Would lowering the price of healthy food increase demand/consumption? : A prospective qualitative and quantitative study to gain insight into consumer interest in the case of healthy food, and the recent links to the increase in overweight and obesity to poor diet
Background: Overweight and Obesity related illnesses place a great burden on society. Health care costs in terms of diseases linked to overweight and obesity continue to rise steadily. What we understand is that overweight and obesity is preventable and reversible. Foods we purchase and consume have a large impact on whether we become overweight or much worse obese. Looking at food purchasing patterns we assumed that most people purchase their food either because of taste, price, availability/ convenience, or family customs/ habits. We understand there is a tough market in which foods high in energy density such as processed foods, French fries, breaded chicken, donuts, cookies, and chips are usually the most inexpensive because of their cheaper ingredients they contain such as high amounts of salt, sugar, and fat. Low energy density but high in nutrient value foods such as fruits, rice, fish, vegetables, wholegrain breads, cereals, and pasta’s tend be priced much higher. Consumers are faced with then either satisfying hunger and risking health, or satisfying health and risking hunger. Shouldn’t consumers also have a choice of good health through affordable healthy food? Let’s examine whether lowering the cost of healthy food increases demand/ consumption.
Methods: My research methodology was conducted using both Qualitative and Quantitative methods. In search of the answers for my research question I put together a questionnaire. This Questionnaire based survey was to be made available online. I chose this method since it was more adaptable in order to meet the still present demand for information to be available and present through I.T (Information technology) is some form. Conducting the survey in this manner would allow me to send the link in a short moment or at some point in the future if the respondent did not wish to participate right at the moment when participation was offered. This method was also used since personal questions such as income, living situation, age, and even education were asked. Almost 97% of questions were close ended in which the remaining 3% were open ended. A potential bias of me being present by doing this questionnaire as an interview and then collecting the data could have put pressure on respondents to answer in a form that satisfied the interviewer, so again this is another reason why I chose against asking the questions from the survey in an interview setting. The negative aspect of this is that I would not be present to explain the question in person had there been a misunderstanding of any question or response option, so the questionnaire was solely left to the participants interpretation. The inclusion time frame for the participants was from February 9th 2012 and would run until April 1st 2012.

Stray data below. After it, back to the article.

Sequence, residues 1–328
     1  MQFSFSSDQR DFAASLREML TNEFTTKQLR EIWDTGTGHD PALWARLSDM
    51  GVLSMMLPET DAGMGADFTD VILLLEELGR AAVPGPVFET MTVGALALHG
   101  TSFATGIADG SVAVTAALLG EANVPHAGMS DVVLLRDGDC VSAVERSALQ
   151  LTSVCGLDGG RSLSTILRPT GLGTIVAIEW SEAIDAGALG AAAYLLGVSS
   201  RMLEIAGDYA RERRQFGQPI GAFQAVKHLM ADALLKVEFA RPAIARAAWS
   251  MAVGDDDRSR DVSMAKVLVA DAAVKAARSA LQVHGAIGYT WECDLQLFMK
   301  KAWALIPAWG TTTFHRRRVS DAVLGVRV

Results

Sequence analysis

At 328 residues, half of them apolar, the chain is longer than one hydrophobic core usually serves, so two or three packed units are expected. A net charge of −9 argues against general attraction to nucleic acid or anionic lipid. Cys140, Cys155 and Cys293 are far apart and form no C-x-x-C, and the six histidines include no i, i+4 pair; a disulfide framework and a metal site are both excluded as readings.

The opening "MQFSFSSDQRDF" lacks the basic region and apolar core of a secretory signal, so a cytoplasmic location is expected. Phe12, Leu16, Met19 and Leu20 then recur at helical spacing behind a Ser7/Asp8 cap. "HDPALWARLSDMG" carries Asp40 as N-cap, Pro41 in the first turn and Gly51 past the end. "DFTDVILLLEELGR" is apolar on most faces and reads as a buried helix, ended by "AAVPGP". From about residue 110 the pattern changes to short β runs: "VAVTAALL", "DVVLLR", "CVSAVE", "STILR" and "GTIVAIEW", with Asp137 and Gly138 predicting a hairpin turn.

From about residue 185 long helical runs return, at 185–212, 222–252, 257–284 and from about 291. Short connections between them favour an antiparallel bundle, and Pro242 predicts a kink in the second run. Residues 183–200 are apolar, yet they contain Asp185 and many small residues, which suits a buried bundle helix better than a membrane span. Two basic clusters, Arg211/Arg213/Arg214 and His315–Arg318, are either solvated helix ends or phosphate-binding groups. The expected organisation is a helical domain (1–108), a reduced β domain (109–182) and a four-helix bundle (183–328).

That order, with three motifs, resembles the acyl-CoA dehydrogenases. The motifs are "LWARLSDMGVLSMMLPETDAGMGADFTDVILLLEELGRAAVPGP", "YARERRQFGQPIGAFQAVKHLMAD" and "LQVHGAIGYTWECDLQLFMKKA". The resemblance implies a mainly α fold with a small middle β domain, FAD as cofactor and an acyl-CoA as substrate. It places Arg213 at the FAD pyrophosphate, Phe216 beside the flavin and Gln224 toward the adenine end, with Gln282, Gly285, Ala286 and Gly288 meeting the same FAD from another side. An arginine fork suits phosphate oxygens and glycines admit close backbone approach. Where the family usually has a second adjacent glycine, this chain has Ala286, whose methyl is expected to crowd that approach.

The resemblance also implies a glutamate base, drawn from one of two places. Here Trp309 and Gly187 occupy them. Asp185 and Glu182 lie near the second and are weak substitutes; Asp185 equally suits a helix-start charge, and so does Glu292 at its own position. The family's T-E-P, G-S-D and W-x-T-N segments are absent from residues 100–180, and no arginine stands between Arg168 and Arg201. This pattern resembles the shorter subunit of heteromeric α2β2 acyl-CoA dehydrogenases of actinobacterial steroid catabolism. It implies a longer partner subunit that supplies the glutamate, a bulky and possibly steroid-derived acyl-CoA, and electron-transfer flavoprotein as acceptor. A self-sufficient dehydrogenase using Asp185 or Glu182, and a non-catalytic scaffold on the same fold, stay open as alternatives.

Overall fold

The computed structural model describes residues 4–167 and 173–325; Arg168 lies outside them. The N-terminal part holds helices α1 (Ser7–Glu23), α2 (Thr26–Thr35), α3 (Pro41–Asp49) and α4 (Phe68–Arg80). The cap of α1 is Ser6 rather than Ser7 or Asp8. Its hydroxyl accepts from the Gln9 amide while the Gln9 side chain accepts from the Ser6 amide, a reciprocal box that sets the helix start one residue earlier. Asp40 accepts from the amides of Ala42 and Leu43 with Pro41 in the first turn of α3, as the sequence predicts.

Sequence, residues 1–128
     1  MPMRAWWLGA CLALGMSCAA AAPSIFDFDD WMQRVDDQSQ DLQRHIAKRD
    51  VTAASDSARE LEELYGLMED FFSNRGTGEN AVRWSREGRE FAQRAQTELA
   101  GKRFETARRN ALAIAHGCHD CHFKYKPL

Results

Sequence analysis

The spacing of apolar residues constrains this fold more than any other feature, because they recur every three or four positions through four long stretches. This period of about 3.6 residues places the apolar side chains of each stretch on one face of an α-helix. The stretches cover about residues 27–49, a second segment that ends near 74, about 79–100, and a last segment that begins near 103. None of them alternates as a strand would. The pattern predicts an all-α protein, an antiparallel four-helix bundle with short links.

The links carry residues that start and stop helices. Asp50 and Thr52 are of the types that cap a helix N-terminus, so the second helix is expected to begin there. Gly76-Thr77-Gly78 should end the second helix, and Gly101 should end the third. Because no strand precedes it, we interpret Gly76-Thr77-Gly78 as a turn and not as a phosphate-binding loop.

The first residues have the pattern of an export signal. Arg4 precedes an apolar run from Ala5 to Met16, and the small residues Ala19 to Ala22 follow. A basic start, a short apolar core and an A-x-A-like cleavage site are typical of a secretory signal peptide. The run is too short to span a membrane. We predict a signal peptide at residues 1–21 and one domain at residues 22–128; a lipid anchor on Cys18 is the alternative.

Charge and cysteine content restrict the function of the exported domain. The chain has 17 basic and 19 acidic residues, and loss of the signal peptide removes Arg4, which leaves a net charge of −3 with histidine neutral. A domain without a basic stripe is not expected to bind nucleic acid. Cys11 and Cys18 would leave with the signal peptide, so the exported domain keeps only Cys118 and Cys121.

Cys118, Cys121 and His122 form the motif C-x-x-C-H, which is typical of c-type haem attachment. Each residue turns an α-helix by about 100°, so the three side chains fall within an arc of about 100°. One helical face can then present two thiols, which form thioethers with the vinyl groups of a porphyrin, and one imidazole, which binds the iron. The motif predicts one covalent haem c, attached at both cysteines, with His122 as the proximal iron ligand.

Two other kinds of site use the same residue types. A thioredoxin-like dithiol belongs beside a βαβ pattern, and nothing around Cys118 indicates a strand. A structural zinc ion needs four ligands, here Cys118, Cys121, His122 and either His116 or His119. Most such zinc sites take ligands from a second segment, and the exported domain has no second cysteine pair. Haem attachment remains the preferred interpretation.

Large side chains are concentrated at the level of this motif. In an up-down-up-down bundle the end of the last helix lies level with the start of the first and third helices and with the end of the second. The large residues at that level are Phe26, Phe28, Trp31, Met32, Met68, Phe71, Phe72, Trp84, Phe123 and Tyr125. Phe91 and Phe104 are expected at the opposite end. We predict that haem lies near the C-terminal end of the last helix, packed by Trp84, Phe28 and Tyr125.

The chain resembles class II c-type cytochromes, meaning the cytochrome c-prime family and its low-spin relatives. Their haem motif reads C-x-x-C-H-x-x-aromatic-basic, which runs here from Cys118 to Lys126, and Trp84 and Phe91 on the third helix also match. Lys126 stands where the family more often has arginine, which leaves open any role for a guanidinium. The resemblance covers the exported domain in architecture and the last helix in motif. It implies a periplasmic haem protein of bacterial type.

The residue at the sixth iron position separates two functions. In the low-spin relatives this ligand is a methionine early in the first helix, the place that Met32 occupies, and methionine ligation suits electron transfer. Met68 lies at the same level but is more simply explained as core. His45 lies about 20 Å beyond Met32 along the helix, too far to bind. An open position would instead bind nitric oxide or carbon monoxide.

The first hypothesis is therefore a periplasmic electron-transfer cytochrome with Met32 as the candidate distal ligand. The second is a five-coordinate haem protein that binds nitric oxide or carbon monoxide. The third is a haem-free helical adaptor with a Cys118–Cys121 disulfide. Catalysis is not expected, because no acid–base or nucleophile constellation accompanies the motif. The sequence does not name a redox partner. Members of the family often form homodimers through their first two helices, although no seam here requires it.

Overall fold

Results: The survey was sent to 196 potential participants in whom again 76 completed. The response rate therefore was 38.7% (76/ 196). Statistical analysis of data was conducted using SPSS statistical package for the social sciences. Questionnaire responses were compiled also by the online survey in terms of frequencies and percentages. Further analysis was done on price related questions that have a connection to the research question: Does lowering the price of healthy food increase demand? In this process, data was dichotomized into more precise groups of either being in favor of the lowering the price of healthy food or not. This was done to make the results more explicit.
It was shown that in general participants in the survey were willing to buy the healthy alternative if it was priced the same or less than the unhealthy alternative (Question 19 from survey). We have to know that this response is what participants say and what they would actually practice could differ. One observation that was made after examining a bit further was when we gave participants an actual choice in the survey like choosing between a healthy option such as granola bar, smoothie, chicken wrap vs the unhealthy alternative soda, chocolate bar, or burger we didn’t see the same amount in favor of the healthy alternative. According to those who stated they would be according to question 19, 89.47% were in favor, 8% neutral, and 3% not in favor of the healthy alternative. Then again given our scenarios it could be argued that participants lost favoritism to the healthy item possibly due to not being given a good choice. It is possible that they still would have chosen another healthy alternative but just not our options of chicken salad, smoothie, fruit juice, or granola bar.
Conclusion: One strategy such as lowering the price of healthy food is not enough to see major effects eliciting consumers to demand more. Strategies need to come from all angles that support lowering the price of healthy food. There needs to be awareness and education campaigns that run concurrent encouraging, informing, and reminding people of why it important to eat and live in a healthy manner. We can look to the questionnaire which gathered the data on more information needed. According to our survey 69.7 % who participated said they would buy more healthy items if they were better informed on what is healthy or not. In general as society we still lack in depth knowledge